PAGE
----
School’s traffic congestion battle

Cockle Bay School principal Dorothy Bigwood encourages parents to have their child walk to school if possible to reduce the number of vehicles on nearby roads. Times photo Wayne Martin

Traffic congestion around an east Auckland primary school is so heavy its principal considered changing the time its pupils are let out to make life easier for parents and motorists.

Cockle Bay School principal Dorothy Bigwood says the amount of vehicles moving around the school at peak times is causing major problems.

“We have several schools in close proximity,” she says.

“Cockle Bay is a big school. Straight across the road we have Howick College, a big school.

“Just along the road is Somerville Intermediate and not too far away is Shelly Park School.

“New Zealanders traditionally use cars because public transport doesn’t go where they want to go at the time they need to go.

“Many people choose to either drop their children off or collect them by car, so there’s huge congestion on the roads.”

Bigwood says her school’s small car park doesn’t accommodate parking for her teachers and staff.

Some of them park around the corner in Trelawn Place, but those spaces have a 90-minute time limit.

She’s been talking to Auckland Transport (AT) officials in an effort to improve traffic flow around the school and is pleased the agency installed a pedestrian crossing in Trelawn Place earlier this year.

“If parents want their children to walk to school I’m sure they worry about their safety,” Bigwood says.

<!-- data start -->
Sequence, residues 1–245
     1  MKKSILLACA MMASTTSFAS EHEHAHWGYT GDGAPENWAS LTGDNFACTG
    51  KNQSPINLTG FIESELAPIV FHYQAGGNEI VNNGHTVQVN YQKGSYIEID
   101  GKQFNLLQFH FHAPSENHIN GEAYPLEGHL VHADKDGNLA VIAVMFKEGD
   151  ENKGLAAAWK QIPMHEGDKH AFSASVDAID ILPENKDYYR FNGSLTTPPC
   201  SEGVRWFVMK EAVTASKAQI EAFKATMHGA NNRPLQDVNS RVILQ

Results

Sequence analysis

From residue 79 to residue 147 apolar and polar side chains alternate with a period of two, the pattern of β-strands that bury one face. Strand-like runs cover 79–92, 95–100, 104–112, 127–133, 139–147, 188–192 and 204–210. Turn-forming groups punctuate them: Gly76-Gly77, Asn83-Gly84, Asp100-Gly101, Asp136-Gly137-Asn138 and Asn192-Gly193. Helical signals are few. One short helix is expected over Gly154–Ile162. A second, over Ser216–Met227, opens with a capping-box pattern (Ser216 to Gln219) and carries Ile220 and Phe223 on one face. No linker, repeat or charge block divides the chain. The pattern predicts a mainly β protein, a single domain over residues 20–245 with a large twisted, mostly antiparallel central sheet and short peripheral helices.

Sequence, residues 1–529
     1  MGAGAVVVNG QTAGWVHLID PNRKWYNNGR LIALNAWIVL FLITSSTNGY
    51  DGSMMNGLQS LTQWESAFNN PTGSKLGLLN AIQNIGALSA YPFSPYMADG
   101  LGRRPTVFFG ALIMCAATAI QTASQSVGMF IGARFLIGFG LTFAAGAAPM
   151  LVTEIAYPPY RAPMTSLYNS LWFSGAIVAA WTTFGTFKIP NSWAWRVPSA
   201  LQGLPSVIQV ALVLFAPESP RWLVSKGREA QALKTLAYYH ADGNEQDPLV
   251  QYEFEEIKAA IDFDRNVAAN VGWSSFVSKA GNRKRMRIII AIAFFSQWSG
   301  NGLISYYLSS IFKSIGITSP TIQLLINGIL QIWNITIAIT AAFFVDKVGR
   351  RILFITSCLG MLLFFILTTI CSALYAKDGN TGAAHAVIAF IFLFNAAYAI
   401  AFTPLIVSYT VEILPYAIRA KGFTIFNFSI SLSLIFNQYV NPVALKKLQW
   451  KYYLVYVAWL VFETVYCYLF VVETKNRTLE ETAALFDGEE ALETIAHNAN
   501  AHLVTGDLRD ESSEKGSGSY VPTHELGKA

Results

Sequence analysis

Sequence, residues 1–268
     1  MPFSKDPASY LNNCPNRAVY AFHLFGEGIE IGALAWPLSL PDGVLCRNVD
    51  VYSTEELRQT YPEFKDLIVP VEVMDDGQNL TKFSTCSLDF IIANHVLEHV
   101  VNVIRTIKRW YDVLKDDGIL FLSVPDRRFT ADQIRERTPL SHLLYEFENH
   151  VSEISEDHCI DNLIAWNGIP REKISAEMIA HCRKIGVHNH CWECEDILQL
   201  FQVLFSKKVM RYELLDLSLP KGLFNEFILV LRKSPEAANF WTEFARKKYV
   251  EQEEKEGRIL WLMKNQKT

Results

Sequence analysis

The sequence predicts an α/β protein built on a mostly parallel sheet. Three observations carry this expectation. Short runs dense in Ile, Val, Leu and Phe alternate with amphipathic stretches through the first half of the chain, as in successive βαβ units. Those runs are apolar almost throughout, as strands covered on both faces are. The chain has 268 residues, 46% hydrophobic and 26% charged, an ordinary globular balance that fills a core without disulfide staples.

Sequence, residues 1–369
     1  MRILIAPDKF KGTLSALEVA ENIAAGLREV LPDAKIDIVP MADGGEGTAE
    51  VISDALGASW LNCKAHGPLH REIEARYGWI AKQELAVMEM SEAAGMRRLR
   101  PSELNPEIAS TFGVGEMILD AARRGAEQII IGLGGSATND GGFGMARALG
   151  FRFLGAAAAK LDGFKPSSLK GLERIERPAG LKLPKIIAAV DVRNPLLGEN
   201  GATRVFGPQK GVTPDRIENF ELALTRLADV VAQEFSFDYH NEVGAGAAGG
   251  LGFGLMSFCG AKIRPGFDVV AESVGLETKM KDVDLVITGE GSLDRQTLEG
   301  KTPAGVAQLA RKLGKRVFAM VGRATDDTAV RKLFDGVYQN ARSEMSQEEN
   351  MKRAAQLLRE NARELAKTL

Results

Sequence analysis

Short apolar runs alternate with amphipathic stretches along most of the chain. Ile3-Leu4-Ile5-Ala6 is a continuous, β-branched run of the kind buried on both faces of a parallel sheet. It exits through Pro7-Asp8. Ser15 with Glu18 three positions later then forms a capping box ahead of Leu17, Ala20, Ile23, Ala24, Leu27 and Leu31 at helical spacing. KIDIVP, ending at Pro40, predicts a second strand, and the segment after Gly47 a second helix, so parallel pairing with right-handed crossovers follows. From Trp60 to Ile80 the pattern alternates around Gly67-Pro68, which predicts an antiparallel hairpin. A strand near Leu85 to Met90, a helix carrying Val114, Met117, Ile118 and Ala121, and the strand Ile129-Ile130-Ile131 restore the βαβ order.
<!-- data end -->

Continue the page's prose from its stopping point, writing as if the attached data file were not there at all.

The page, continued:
“We try to have walking buses and we have as many staff as we can outside the school to assist with traffic management after school.

“We’re trying to work with our parent community and traffic management isn’t always a positive thing.

“There’s a little bit of tension there sometimes.”

Bigwood says the school considered changing its hours in an effort to reduce the amount of traffic at peak times, but not all parents were on board with the idea.

“We try to be proactive and think how we can help with the congestion.

“Knowing when Howick College dismissed its children, we thought maybe if we altered our school hours and finished a little earlier, we could stagger it.

“We consulted our community, and legally we could do it because we met the criteria, but it really polarised our community.

“Approximately 50 per cent were really for it and 50 per cent said it didn’t work for them because of obvious things like collecting siblings or the time parents finish work.”

Bigwood wants consideration to be given for the school to use bus stop spaces in Sandspit Road as a supervised drop-off and pick-up area for pupils between 8.20am-8.45am and 3pm-3.15pm.

“I have asked informally one of the [AT] people I liaise with and was told that’s not possible.

“I’ve been told they can give us one more car park if we want it, but that’s trivial really.”

AT spokeswoman Natalie Polley says the agency is “actively engaged” with Cockle Bay School and is working with it to implement the Travelwise programme.

She says several walking school buses are in operation and AT is hoping to carry out a survey to get a better understanding of parents’ opinions and concerns.

“We will do a mapping activity so the school has visibility of five, 10 and 15 minute walking zones and we are looking into the request to utilise the bus stop as a time-restricted pick-up and drop-off zone.”